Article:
Halloween is all but over. Time to stop clowning around. This week’s Theme Park Rangers Radar reveals the origins of Jack the Clown, deranged and beloved icon of Universal’s Halloween Horror Nights, then sniffs around the E.T. ride at Universal Studios for news and also braces everyone for, yes, Christmas decorations. Raise your hand if you said “too soon.”
Radar is a weekly gathering of theme parks scraps and schedules. It is posted at OrlandoSentinel.com on Wednesdays.
Which is scarier: Jack the Clown or a focus group? Surprisingly, the latter led to the creation of the former.
That’s according to Michael Aiello, senior director of creative development for Universal Orlando. During an Orlando Sentinel interview about the history of Halloween in Central Florida theme parks, Aiello made reference to Jack, who debuted at Universal’s Halloween Horror Nights in 2000.
Although Aiello said he was not yet part of the creative team then, he worked with the minds behind Jack later.
“Jack came out of focus groups, actually, that were done for a number of years,” he said. “They would do focus groups in person — imagine that, like you’re in a room at a table. And they would ask guests, you know, what are some of your biggest fears?”
Their scary contributions ran the gamut, Aiello said.
“Like, it was spiders and fear of drowning and fear of heights. But the one thing that had the most percentage value that was constantly brought up was fear of clowns,” Aiello said.
“So the creative team at the time exploited that. … And it was a lot of people involved in Jack’s creation, from the back story to the performance to his look … all these different creative minds coming together to really form what would be the perfect nightmare version of a clown. And that is Jack the Clown,” he said.
Jack kicked off what Universal thinks of as the “iconic era,” Aiello said. Other faces followed, including The Director, The Caretaker, The Usher, The Storyteller, Bloody Mary and Lady Luck.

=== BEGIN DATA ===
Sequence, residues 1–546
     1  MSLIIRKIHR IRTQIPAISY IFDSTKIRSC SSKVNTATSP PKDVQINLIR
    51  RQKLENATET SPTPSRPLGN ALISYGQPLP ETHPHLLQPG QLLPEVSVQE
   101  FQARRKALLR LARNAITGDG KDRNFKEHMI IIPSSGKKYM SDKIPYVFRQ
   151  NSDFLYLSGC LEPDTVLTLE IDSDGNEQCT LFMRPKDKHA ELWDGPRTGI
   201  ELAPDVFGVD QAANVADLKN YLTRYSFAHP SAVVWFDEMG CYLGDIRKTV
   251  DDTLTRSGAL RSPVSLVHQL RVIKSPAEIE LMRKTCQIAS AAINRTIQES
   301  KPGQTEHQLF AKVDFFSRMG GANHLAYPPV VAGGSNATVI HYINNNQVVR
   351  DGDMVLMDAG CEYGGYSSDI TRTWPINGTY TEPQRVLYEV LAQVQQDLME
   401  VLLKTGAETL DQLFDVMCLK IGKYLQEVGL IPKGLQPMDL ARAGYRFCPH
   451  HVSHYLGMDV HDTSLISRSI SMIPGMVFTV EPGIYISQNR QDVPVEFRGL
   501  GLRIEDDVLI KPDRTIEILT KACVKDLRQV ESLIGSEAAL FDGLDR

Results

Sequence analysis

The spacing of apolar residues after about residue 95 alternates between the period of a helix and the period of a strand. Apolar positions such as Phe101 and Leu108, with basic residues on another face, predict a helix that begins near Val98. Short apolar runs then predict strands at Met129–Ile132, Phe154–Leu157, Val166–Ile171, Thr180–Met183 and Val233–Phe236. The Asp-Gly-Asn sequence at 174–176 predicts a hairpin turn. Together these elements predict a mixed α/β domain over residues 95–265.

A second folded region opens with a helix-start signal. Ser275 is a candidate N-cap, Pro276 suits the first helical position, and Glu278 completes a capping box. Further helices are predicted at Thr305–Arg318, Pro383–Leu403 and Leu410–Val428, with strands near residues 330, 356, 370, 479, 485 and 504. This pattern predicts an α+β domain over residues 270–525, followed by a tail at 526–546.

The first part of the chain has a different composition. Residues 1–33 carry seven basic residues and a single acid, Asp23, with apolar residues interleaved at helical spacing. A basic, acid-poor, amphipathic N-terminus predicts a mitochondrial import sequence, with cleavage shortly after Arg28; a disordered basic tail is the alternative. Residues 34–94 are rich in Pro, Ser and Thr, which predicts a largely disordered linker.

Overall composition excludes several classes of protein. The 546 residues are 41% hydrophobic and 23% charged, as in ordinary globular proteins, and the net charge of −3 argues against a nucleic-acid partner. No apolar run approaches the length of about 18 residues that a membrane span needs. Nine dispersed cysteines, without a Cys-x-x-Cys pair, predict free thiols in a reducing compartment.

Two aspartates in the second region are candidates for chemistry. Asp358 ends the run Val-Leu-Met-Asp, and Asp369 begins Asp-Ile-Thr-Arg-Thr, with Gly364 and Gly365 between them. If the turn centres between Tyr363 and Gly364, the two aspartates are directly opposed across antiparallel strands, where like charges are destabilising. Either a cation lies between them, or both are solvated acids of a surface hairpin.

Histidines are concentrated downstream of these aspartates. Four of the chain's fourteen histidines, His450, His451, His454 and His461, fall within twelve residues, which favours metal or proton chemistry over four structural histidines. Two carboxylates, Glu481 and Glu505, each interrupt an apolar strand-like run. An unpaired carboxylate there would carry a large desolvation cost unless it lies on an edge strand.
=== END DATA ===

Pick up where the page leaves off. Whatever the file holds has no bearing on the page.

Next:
Jack’s debut shook things up.
“I think that was the first year that the event had a voice, the event had a personality,” said Aiello, who has attended every edition of HHN either as a visitor or a Universal employee. “And really, that was a new way to consider how you start to present the event to the audience, more so than just being a Halloween party that has haunted houses in it.”
Something smells funny in the E.T. Adventure ride at Universal Studios, or so says internet chatter.
The attraction, part of the park’s opening-day lineup in 1990, has been known for its scents, particularly in the forest stretch in the queue. Recently, visitors have posted on social media about detecting similar but different sensations. For instance, Storybook Amusement’s Twitter account described the scent as pine but “no longer the signature musty forest smell.” And during the ride, the first Green Planet scene smells “almost like a barbecue.”
Full disclosure: My sense of smell is not strong, so I shouldn’t be the one to confirm or deny this. On a recent trip, I thought it smelt like … trees? I’m not saying it’s wrong, but I feel like any possible change here is subtle. It’s not like the forest suddenly reeks of peppermint or the ride is that Soarin’ citrus flavor.
Take a whiff. You might feel differently. But I wouldn’t drive out there just to smell E.T.
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For the record, the official Universal Orlando Resort Twitter account says “the scent for this attraction has not changed.” Did they turn their nose up on the idea?
Get ready. Christmas is coming. Oops, too late, it’s already manifesting itself at some theme parks.
Universal’s Islands of Adventure went garland-a-go-go at Port of Entry, and it’s not just greenery. There are ornaments and wreaths on exteriors and inside the large Trading Company store. That’s also true at Hogwarts Express.
In Seuss Landing, there’s also holidays happening on walls, crooks, crannies and around Horton’s trunk. Is there more décor before? But it sorta works in a year-round, whimsical way plus there’s the Grinch factor.
At SeaWorld Orlando, installation of the Sea of Trees on the park’s central lagoon has happened.
Disney notoriously flips Magic Kingdom from Halloween look to Phase I of its Christmas look overnight, right after the last Mickey’s Not-So-Scary Halloween Party on Oct. 31. After all, Mickey’s Very Merry Christmas Party starts Nov. 8. (The first three dates already are sold out, though.)
- The Epcot International Food & Wine Festival continues, and its Eat to the Beat concert series will feature Hanson on Friday, Saturday and Sunday. Note after this, there are only two weekends left of the fest, which began July 14.
- Beyond that it’s all Halloween, all the time for the weekend. There are events and activities, large and small, set for Magic Kingdom, Universal Studios, SeaWorld Orlando, Legoland Florida, Gatorland, Icon Park, Orange County Regional History Center, Central Florida Zoo, Fun Spot locations and beyond.
- Just a few days later, “Fantasmic” returns at Disney’s Hollywood Studios. Its pandemic comeback is Nov. 3.
What’s on your radar? Email me at firstname.lastname@example.org